Eric Rudolph: Serial Bomber
At Long Last!
By Rachael Bell
For more than 5 ½ years Eric Robert Rudolph remained on the FBI's Most Wanted list In all he allegedly killed two people and wounded scores of others. Amazingly he eluded the authorities, even though most agreed that he was likely hiding in a 550,000-acre area within North Carolina 's Nantahala National Forest in Cherokee County. Finally, on May 31, 2003 the long search for one of the nation's most notorious domestic terrorists was at last brought to an end when a young rookie police officer made a surprising find behind a grocery store.
That Saturday morning at around 3:30 a.m., Officer Jeffrey Scott Postell, 21, who had worked the beat for less than a year spotted a suspicious man behind Save-A-Lot grocery store in the small mountain town of Murphy, North Carolina, Melissa Manware reported in The Charlotte Observer. Postell initially thought the man was a burglar and brandished his gun as the suspicious character ducked behind several milk crates stacked on top of one another in the delivery dock. The young officer ordered the man to come out and lay on the ground. Luckily the stranger, armed with only a flashlight and a backpack, complied.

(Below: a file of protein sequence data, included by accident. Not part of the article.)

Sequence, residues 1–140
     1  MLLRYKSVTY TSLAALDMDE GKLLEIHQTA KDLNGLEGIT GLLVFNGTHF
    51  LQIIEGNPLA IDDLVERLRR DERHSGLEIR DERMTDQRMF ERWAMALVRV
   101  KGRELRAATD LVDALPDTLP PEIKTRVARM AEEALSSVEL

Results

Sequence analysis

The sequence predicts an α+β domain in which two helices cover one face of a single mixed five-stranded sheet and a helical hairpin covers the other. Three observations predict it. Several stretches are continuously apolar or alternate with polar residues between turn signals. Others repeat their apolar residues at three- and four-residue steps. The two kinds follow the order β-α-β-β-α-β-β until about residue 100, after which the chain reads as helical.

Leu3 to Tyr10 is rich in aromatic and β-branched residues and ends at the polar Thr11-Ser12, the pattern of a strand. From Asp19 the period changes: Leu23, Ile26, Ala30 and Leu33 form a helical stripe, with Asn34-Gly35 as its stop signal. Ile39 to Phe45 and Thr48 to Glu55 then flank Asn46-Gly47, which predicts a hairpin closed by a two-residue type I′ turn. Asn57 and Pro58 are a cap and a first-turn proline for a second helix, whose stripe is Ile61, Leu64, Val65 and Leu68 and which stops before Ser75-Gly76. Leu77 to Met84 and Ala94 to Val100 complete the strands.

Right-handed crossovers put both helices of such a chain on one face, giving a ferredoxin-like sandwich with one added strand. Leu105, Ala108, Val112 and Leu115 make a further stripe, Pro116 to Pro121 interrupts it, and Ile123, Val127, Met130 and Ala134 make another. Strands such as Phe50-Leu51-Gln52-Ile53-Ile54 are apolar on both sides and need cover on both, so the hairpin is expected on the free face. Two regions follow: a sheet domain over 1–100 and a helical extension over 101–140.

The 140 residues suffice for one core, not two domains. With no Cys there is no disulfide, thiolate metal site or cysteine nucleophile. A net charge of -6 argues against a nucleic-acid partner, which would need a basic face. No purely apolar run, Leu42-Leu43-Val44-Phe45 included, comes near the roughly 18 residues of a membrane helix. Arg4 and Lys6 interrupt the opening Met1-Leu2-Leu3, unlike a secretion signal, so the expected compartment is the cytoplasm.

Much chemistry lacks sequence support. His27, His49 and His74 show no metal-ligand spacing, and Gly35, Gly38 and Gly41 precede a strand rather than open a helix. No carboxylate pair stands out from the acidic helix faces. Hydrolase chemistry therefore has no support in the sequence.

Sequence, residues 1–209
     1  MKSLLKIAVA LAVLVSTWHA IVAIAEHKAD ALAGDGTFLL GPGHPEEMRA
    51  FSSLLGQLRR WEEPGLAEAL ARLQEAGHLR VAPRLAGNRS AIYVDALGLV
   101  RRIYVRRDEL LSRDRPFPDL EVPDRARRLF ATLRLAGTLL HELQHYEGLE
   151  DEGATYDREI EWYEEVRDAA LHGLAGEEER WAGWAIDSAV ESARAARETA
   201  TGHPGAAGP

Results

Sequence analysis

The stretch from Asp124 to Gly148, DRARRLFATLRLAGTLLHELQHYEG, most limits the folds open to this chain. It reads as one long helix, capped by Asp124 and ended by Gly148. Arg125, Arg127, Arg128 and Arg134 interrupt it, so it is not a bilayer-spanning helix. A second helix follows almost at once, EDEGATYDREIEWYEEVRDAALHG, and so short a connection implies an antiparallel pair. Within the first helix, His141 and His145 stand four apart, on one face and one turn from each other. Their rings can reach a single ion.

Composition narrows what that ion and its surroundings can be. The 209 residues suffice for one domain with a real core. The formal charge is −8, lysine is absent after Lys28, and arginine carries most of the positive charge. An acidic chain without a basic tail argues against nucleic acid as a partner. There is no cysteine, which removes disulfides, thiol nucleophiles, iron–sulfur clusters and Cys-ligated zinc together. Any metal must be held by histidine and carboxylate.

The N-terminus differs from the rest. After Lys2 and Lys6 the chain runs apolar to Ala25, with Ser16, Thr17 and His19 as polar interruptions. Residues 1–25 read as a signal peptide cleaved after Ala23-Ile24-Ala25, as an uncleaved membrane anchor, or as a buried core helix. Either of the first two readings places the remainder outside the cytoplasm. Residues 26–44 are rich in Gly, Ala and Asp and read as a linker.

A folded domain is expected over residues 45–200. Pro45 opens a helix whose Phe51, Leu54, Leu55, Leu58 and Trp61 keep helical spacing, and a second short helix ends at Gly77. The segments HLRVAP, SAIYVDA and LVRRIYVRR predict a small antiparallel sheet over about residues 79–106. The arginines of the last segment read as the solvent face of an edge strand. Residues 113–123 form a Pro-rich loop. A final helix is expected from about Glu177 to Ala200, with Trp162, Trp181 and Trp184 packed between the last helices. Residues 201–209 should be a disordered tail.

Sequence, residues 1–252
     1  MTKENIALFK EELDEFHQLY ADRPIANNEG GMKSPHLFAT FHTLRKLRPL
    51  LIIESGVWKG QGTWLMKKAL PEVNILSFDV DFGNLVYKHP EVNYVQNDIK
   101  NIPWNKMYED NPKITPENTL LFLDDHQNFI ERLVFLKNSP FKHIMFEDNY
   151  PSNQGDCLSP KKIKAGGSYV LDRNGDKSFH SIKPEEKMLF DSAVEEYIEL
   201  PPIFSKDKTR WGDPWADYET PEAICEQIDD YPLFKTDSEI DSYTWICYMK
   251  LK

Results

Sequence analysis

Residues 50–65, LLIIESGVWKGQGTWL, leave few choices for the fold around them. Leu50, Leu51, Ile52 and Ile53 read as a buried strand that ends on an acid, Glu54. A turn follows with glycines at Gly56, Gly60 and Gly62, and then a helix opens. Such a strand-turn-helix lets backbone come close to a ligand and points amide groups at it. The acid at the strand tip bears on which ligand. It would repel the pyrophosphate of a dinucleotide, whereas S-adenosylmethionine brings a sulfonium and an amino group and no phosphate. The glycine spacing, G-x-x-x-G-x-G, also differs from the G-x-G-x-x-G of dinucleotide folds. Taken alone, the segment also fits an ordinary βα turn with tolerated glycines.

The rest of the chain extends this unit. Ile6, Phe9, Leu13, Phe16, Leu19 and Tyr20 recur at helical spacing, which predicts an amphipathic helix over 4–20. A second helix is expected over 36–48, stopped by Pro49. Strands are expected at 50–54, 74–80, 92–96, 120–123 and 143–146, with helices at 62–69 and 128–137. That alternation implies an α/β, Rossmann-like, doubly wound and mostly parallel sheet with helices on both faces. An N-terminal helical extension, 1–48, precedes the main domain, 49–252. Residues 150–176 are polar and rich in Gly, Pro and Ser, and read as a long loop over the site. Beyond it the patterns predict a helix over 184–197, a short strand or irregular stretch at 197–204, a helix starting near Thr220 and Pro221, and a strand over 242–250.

When asked, the man was unable to provide the officer with identification and it was assumed he was a homeless person scourging for food. He claimed that his name was Jerry Wilson and he gave a fake date of birth, Dahleen Glanton said in a Chicago Tribune article. Yet, when the man was taken to police head quarters, a sheriff's deputy recognized him from the FBI's Most Wanted poster as none other than fugitive Eric Robert Rudolph.
His capture was any rookie cop's dream-come-true. Manware quoted Postell at a police conference as saying, "It was just in a day's work. I'm glad I was in the right place at the right time." It was a modest remark from an extraordinary officer.
Rudolph was temporarily held in a local jail until he was airlifted to Asheville, North Carolina for arraignment and later to Alabama to face pre-trial hearings. Tim Whitmire reported in a June AP Online article that he faced, "six federal counts of using an explosive against a facility in interstate commerce," which included all of the bomb attacks committed between 1996 and 1998. If convicted, Rudolph could face the death penalty.